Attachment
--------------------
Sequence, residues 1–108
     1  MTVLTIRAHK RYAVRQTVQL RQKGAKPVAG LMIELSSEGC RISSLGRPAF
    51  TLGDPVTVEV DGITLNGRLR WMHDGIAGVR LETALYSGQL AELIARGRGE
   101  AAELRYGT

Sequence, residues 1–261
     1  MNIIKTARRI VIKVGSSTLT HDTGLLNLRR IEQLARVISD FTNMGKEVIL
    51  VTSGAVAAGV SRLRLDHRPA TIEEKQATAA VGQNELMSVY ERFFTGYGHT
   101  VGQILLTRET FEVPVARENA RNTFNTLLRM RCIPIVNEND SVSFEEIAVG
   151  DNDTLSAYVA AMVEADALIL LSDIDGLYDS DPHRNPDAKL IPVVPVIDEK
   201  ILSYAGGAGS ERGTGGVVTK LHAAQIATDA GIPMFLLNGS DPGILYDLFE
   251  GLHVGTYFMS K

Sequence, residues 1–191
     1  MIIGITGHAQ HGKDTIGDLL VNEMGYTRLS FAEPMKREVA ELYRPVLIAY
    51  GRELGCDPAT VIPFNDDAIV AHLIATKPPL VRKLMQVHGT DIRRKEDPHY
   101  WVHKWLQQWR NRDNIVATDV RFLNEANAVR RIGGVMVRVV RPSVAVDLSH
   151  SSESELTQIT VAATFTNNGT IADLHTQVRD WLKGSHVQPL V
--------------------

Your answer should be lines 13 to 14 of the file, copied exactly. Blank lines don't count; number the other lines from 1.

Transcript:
     1  MIIGITGHAQ HGKDTIGDLL VNEMGYTRLS FAEPMKREVA ELYRPVLIAY
    51  GRELGCDPAT VIPFNDDAIV AHLIATKPPL VRKLMQVHGT DIRRKEDPHY